Boutros-Ghali Observatory launched in Paris

Boutros-Ghali Observatory launched in Paris

19. April 2017

Inaugurated at an event in Paris on March 31, the Boutros-Ghali Observatory is a new initiative promoted by the French, Canadian and Belgian governments which seeks to improve peacekeeping operations in Francophone countries. As many as 7 out of 16 United Nations peace operations are currently located in countries where French is frequently spoken. The observatory, by focusing on better tailoring peacekeeping missions to Francophone environments and pooling Francophone countries’ experiences together, could thus make a significant impact on the UN’s operations.

The Observatory also intends to act as a nexus for cooperation between experts from Francophone countries. Indeed, the Observatory’s own Research and Information Group on Peace and Safety (GRIP), headquartered in Brussels, is already involved with researchers from the Catholic University of Louvain/Leuven (Belgium) and the Network for Peace Operations (Canada).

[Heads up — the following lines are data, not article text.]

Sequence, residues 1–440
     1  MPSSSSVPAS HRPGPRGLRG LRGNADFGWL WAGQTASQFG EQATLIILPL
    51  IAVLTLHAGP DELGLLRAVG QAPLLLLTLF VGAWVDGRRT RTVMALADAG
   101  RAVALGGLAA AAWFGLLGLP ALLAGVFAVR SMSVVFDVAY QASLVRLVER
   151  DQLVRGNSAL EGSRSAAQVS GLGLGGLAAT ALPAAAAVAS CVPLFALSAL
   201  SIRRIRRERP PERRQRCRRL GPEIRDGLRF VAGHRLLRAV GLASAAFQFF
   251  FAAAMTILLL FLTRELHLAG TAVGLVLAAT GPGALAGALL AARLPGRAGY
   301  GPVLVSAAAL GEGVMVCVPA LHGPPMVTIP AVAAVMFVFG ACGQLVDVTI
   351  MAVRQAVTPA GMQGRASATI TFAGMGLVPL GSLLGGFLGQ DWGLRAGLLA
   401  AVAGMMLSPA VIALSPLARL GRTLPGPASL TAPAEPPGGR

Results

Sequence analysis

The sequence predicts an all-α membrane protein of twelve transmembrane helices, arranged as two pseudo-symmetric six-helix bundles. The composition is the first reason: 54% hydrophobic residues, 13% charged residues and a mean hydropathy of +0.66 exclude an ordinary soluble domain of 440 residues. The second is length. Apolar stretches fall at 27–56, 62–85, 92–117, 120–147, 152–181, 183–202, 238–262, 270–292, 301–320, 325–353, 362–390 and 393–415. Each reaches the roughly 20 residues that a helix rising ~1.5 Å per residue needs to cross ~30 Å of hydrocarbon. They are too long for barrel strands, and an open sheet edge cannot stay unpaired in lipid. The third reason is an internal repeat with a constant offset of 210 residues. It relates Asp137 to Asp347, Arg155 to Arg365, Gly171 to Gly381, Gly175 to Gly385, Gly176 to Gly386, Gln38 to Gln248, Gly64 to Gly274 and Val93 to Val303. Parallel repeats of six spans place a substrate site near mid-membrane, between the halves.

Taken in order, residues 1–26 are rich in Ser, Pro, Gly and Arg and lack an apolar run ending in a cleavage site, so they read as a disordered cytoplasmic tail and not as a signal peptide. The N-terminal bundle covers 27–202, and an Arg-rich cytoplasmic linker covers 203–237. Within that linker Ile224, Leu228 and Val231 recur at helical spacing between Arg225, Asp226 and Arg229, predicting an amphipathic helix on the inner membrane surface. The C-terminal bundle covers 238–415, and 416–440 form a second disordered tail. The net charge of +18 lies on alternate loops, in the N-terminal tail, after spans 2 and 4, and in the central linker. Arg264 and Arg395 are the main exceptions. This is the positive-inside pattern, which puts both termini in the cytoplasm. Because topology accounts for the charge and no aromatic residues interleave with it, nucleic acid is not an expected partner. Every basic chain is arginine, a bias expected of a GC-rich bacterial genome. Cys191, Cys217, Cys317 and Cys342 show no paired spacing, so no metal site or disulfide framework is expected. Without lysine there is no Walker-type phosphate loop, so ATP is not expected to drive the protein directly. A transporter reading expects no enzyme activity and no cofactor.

The Observatory’s ethos is embodied by its homage to the late former U.N. Secretary General, Mr. Boutros-Ghali (1922-2016). In addition to his work at the U.N., Mr. Boutros-Ghali also served as the Minister of Foreign Affairs of Egypt. His commitment to peaceful international relations had brought him to help negotiate the Camp David accords. He also showed a keen interest in the French language and, following his term as Secretary General, served for five years as Secretary General of the Francophonie.

Mr. Boutros-Ghali was also one of the most important supporters of the Campaign for a United Nations Parliamentary Assembly. In a message addressed to the campaign's supporters he wrote in 2007 that "we need to promote the democratization of globalization, before globalization destroys the foundations of national and international democracy. The establishment of a Parliamentary Assembly at the United Nations has become an indispensable step to achieve democratic control of globalization.”


Tags: France